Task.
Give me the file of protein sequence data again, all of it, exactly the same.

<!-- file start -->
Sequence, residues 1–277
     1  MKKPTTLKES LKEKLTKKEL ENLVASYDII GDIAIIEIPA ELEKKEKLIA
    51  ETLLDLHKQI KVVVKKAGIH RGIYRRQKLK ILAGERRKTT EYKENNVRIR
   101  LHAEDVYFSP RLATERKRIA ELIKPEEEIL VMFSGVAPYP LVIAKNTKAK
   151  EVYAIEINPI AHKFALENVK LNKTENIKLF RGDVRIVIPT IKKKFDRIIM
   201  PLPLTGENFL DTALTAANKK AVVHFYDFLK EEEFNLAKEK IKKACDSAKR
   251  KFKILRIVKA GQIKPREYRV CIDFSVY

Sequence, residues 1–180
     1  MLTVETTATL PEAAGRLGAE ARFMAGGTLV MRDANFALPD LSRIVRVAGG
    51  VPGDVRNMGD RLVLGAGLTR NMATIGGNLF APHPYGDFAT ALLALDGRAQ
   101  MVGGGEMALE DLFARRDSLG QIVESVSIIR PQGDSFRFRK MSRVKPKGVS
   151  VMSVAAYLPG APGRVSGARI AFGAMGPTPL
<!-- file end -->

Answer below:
Sequence, residues 1–277
     1  MKKPTTLKES LKEKLTKKEL ENLVASYDII GDIAIIEIPA ELEKKEKLIA
    51  ETLLDLHKQI KVVVKKAGIH RGIYRRQKLK ILAGERRKTT EYKENNVRIR
   101  LHAEDVYFSP RLATERKRIA ELIKPEEEIL VMFSGVAPYP LVIAKNTKAK
   151  EVYAIEINPI AHKFALENVK LNKTENIKLF RGDVRIVIPT IKKKFDRIIM
   201  PLPLTGENFL DTALTAANKK AVVHFYDFLK EEEFNLAKEK IKKACDSAKR
   251  KFKILRIVKA GQIKPREYRV CIDFSVY

Sequence, residues 1–180
     1  MLTVETTATL PEAAGRLGAE ARFMAGGTLV MRDANFALPD LSRIVRVAGG
    51  VPGDVRNMGD RLVLGAGLTR NMATIGGNLF APHPYGDFAT ALLALDGRAQ
   101  MVGGGEMALE DLFARRDSLG QIVESVSIIR PQGDSFRFRK MSRVKPKGVS
   151  VMSVAAYLPG APGRVSGARI AFGAMGPTPL